Nuclear Street News Team comprises of industry writers and journalist.
On Monday the president nominated a Massachusetts Institute of Technology professor and former member of the Blue Ribbon Commission on America's Nuclear Future to serve as the next secretary of energy. If confirmed by the Senate, Ernest J. Moniz will replace outgoing Energy Secretary Steven Chu. While his background is outside of the nuclear power and waste management sectors that form a large part of DOE's work, Moniz has expressed his support for nuclear energy in the past.He is a professor of physics and engineering systems at MIT, where he has been a member of the faculty since 1973 and also serves as the director of the university's Energy Initiative and Laboratory for Energy and the Environment. His past government appointments include a position as a DOE undersecretary from 1997 to 2001 and as an associate director for science in the Clinton administration's Office of Science and Technology Policy.His nomination drew support from the U.S. nuclear industry's largest trade group Monday. Nuclear Energy Institute CEO Marvin Fertel said in a release, “In nominating Ernie Moniz to be secretary of energy, President Obama has sent America a strong message that its energy leadership will be entrusted to an advocate of clean energy supplies, including nuclear energy. Dr. Moniz is experienced and well respected in the energy, nonproliferation and national security communities worldwide. He has made it clear that he recognizes nuclear energy’s important role in reducing greenhouse gases as part of a balanced, low-carbon electricity generation portfolio."In a 2011 article in Foreign Affairs, Moniz highlighted the benefits of nuclear power as a cheap, carbon-free energy source and also noted the potential of small modular reactors to reduce the capital and financing costs of building nuclear plants.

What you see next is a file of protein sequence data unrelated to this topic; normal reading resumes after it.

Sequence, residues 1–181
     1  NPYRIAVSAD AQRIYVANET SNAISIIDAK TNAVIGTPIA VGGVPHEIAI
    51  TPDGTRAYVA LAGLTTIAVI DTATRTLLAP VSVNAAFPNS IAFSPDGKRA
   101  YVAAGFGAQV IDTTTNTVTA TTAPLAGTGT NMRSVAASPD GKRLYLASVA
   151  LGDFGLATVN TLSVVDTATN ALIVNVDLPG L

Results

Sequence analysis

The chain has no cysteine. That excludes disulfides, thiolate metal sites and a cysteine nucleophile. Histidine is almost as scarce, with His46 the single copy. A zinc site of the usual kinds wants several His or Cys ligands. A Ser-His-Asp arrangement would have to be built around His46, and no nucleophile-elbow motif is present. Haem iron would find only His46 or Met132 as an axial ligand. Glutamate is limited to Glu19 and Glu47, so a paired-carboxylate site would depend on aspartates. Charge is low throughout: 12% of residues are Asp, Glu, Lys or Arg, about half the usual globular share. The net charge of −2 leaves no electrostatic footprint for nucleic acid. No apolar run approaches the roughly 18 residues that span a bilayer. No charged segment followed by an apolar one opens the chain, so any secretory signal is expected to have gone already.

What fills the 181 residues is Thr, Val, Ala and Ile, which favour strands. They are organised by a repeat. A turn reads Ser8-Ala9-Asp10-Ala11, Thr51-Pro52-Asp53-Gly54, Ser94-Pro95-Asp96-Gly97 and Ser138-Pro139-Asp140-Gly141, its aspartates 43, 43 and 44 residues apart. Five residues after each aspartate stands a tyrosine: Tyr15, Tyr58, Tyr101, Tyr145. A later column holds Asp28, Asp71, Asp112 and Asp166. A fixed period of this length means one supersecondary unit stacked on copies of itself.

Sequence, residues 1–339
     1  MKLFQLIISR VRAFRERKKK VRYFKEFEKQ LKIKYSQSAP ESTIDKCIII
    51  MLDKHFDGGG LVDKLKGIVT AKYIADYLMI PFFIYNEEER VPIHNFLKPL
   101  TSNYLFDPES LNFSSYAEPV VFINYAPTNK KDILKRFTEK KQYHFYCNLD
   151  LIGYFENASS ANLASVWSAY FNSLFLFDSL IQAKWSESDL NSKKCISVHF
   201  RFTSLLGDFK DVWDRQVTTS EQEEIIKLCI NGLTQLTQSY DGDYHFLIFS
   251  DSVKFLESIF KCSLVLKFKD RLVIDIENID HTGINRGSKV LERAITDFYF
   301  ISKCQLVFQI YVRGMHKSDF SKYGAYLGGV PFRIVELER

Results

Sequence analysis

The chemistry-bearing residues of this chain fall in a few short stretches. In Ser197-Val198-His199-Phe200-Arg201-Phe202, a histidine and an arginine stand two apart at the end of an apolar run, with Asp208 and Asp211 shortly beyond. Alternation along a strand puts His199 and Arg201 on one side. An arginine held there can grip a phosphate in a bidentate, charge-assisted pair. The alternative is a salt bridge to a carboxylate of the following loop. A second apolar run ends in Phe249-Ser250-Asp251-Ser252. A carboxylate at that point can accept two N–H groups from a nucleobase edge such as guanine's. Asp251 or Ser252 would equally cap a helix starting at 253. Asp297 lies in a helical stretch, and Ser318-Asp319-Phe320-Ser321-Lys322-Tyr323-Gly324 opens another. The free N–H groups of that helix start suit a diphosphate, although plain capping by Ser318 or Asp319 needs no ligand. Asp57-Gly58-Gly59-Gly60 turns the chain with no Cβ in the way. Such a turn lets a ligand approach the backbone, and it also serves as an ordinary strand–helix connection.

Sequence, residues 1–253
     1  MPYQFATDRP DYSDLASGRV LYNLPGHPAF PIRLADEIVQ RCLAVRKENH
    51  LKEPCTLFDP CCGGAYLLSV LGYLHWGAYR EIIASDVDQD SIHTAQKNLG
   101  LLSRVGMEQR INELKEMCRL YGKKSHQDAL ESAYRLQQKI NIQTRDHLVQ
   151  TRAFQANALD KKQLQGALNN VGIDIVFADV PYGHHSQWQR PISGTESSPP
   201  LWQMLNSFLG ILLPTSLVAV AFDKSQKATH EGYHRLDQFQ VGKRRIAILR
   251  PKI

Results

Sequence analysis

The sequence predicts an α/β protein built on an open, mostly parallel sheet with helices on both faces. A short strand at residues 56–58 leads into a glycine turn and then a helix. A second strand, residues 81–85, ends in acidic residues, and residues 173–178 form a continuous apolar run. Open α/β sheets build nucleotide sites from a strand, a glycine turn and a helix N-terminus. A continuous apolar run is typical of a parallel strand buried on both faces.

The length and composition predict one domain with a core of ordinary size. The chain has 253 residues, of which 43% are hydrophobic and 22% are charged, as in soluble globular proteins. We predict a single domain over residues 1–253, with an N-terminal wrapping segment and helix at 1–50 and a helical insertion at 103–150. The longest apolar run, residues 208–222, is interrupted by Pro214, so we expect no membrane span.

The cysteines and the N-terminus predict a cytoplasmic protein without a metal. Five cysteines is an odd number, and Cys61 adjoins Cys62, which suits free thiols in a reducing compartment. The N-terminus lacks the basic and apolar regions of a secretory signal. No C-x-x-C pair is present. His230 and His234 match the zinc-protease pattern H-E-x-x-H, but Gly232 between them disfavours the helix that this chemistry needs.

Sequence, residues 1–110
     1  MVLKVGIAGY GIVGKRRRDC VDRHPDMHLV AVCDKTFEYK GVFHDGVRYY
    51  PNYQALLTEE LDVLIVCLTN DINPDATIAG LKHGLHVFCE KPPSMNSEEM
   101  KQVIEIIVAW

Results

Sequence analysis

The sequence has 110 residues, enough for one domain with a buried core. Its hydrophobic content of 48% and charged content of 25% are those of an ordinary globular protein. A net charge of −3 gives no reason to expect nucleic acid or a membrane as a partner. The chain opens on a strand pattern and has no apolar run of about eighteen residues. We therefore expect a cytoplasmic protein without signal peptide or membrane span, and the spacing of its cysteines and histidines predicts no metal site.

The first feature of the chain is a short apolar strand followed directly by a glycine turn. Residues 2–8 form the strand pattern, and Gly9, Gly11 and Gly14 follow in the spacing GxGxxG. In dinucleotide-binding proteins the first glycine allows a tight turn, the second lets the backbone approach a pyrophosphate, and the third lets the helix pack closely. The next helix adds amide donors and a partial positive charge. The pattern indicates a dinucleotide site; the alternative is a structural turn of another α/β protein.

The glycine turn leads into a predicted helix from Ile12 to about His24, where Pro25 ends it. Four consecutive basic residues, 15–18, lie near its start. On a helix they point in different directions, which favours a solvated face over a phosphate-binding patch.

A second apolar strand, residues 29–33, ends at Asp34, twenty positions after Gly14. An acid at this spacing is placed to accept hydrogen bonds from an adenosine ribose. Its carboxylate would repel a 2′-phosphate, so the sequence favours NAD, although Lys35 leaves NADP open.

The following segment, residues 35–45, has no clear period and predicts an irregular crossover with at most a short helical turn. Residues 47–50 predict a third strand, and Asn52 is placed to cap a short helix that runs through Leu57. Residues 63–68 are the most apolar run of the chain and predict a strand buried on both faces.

Ccongradulations & good luck
John Coggin wrote an interesting piece for International Policy Digest focusing on the United States’ nuclear energy policy and need to end subsidies for the nation’s nuclear program.